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Getting comfortable

“Are you sitting comfortably? Then I’ll begin?” Older members will recall those words from Listen with Mother on the wireless (as we used to call it). The words came back to me while watching some of our less experienced members trying to get to grips with unfamiliar bells (some of them quite difficult) on the Branch Outing. It’s important to be comfortable when ringing. I don’t just mean the absence of discomfort (though that helps) I mean comfortable in the sense of feeling at ease with the bell. Some of the facial expressions that I observed suggested anything but comfort!

Partly it’s about relaxing (in an alert sort of way) but above all it’s about adapting to your bell – working with it rather than fighting against it. If you can do that, whatever your level of basic expertise, it will help you to ring better and with less effort. And there’s more to it than experience – some long standing ringers are tense, and some relative novices are not. Anyone can take positive steps to be more at ease when ringing.

Let’s start with speed. Left to itself, a bell will ring at constant speed. If the speed fits the ringing, then you only need the occasional nudge to keep the bell in the right place. Less exertion lets you ring with a lighter touch, so you can feel what the bell is doing, and you make smaller, more accurate adjustments. It creates a virtuous circle. If the bell’s natural speed doesn’t match the ringing, you have to force every blow into place, which takes effort and is less accurate. You might get this blow right, but if you set wrong speed for the next blow, you will be fighting the bell at every blow. It’s a vicious circle. It’s also hard work and not very comfortable!

The bell’s natural speed depends on how high it swings, which in turn depends on how hard you pulled it, and how far you let it rise. What you do at one stroke determines what the bell does on the next.

When you pull off, the speed won’t be quite right, so you need to correct it in the first few blows. If it’s too quick get the bell up a bit, and if it’s too slow check it a bit. But getting the bell in the right place isn’t enough, you must also wind down the effort needed to keep it there, so you can relax. You need to find the ‘zero effort speed’, at which nothing much would happen if you were to let go of the rope, with the bell still striking in roughly the right place. If you find you need effort on one stroke, try to adjust the speed so the next stroke needs less effort, by adjusting it to swing slightly higher or less high. When doing so, remember not just to modulate your pull, but also that you let the rope rise to the required height.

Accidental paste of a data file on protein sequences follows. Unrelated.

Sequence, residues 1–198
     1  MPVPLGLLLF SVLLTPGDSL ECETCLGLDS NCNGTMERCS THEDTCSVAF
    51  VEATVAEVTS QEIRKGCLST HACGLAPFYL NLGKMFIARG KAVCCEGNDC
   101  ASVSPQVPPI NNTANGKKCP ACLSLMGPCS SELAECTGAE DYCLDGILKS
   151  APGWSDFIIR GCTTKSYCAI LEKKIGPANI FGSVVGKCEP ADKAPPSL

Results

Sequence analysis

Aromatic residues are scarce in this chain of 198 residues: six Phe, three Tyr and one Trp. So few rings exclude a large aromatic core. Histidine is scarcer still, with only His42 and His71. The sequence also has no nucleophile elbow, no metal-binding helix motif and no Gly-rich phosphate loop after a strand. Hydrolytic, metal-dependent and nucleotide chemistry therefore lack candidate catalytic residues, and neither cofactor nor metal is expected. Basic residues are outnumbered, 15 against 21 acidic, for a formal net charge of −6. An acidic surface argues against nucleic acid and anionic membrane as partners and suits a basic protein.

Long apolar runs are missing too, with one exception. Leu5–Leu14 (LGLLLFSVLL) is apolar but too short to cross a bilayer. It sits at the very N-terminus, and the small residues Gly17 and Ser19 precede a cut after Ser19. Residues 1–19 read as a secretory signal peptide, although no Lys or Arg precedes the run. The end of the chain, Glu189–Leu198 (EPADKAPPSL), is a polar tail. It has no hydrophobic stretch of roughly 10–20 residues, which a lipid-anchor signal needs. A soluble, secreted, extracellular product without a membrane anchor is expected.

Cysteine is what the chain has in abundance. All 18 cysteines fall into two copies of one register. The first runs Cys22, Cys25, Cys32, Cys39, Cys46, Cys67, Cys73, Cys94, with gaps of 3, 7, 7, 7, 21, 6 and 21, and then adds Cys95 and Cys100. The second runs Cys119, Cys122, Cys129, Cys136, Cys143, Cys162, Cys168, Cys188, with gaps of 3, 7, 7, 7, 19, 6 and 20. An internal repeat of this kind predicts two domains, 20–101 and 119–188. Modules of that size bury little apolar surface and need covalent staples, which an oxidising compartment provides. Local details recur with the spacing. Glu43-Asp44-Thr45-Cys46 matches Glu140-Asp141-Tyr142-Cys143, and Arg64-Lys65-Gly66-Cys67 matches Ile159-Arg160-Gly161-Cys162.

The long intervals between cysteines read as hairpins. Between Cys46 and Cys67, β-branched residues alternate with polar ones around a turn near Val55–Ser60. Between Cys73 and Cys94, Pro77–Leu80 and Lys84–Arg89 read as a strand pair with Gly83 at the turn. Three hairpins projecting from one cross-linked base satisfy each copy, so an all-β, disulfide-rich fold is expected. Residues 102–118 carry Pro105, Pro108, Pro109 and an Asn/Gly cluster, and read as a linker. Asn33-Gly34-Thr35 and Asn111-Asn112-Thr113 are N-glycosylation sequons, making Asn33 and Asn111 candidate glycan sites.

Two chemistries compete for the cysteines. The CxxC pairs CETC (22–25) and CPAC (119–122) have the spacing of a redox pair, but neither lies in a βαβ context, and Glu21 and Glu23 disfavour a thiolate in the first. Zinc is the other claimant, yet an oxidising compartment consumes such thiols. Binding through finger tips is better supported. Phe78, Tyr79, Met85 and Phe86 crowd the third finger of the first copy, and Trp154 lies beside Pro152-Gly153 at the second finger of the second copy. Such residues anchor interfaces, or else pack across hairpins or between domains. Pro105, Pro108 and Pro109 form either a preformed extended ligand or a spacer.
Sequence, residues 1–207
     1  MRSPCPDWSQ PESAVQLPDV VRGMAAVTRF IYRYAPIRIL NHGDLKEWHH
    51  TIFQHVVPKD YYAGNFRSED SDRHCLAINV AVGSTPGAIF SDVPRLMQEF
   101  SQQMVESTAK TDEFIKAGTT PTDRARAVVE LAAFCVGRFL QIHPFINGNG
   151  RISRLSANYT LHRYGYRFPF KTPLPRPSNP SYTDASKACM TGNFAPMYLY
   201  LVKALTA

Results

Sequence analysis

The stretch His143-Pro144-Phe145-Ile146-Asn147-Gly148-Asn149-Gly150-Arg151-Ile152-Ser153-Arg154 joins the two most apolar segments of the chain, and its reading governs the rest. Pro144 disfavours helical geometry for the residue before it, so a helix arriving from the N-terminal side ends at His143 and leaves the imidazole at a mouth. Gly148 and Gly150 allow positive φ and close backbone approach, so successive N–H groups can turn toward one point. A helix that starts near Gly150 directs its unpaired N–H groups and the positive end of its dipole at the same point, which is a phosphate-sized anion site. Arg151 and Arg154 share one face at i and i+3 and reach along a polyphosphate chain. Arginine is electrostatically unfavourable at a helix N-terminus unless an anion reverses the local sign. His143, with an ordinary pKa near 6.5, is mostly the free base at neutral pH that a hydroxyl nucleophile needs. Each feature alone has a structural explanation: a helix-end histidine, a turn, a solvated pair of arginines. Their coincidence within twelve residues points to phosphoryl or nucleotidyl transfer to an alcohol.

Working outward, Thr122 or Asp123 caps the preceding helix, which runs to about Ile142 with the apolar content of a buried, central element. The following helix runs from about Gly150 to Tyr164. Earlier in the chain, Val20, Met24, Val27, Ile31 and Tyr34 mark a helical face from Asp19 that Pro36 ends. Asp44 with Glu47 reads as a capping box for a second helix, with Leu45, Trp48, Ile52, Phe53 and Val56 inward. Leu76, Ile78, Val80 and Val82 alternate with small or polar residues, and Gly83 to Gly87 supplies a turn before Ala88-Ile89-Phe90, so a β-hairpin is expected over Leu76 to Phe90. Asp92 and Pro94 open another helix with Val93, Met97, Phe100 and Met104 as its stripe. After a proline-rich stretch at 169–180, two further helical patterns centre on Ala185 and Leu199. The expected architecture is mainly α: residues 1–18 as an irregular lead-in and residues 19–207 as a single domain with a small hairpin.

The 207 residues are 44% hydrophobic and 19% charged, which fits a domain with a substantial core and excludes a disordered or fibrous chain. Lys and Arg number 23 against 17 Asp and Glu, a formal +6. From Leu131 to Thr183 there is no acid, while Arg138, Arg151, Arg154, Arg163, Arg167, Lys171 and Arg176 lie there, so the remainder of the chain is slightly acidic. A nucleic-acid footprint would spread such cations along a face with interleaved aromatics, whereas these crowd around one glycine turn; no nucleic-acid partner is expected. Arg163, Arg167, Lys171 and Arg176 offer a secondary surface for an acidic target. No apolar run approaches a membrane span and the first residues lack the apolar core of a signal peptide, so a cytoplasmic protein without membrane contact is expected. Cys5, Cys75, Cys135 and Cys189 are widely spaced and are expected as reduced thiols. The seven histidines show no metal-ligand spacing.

Many ringers grip the rope at a fixed spot, and try to make all adjustment by varying how far their arms rise. You can do that to a degree, but a better way (a more comfortable way that requires less effort) is to adjust the rope length so that your hands always rise to a comfortable stretch when the bell is at the desired height. That gives you more time to feel what the bell is doing as the rope rises, and it puts your arms into the best position to make sensitive, accurate adjustments, both of which help you to relax, with no fear of things going wrong. Even half an inch on the rope can make a big difference to the feel of the bell, and your ability to relax with it. If you don’t regularly adjust your rope, practise doing so. Shorten (or lengthen) the rope until your hands go to a comfortable stretch, without too much effort, with the bell swinging at just the right speed. You may surprise yourself how little effort you can use to control the bell when the rope length is just right. Get into the habit of doing this adjustment whenever you catch hold.

If while you are ringing you feel the bell working against you rather than with you, don’t just keep fighting it, try to get everything back into balance so you can relax again. And if you are going to ring a method, always use the opening rounds to get comfortable at Rounds speed, before you need to speed to hunt up or down.

So far so good. Now let’s think about rhythm. The bell has a natural rhythm that you need to match in order to work with it. Your rhythm should allow you to feel what the bell ought to be doing, so you can feel any small deviations if it does anything different. Above all, the rhythm will help you to place the next blow confidently ‘in the same place’ as the last blow, without the need for external cues. You still need to listen and fit in with the other bells, but you need the stable base of being able to ring in the same place again.

Trusting your rhythm is also the best way to ring accurate handstrokes. If your hands rise to the handstroke with the same rhythm as they do to the backstroke, they will meet the sally at exactly the right place, and moving at the right speed. It’s more accurate than eyeing a spot on the sally and trying to catch it. You can vary this rhythm by making your hands rise a little earlier or later to make the handstroke a bit quicker or slower, for example to adjust to an odd-struck bell, or when dodging. The timing difference is tiny, and you have to do it by ‘feel’, in much the same way that you would if you were trying to throw a ball so it landed slightly nearer or farther from you.

So, to paraphrase Listen with Mother – ‘Are you are ringing comfortably? Then we’ll begin’.

John Harrison (Branch Training Officer)

Article originally printed in the Summer 2012 Sonning Deanery Branch Newsletter, 

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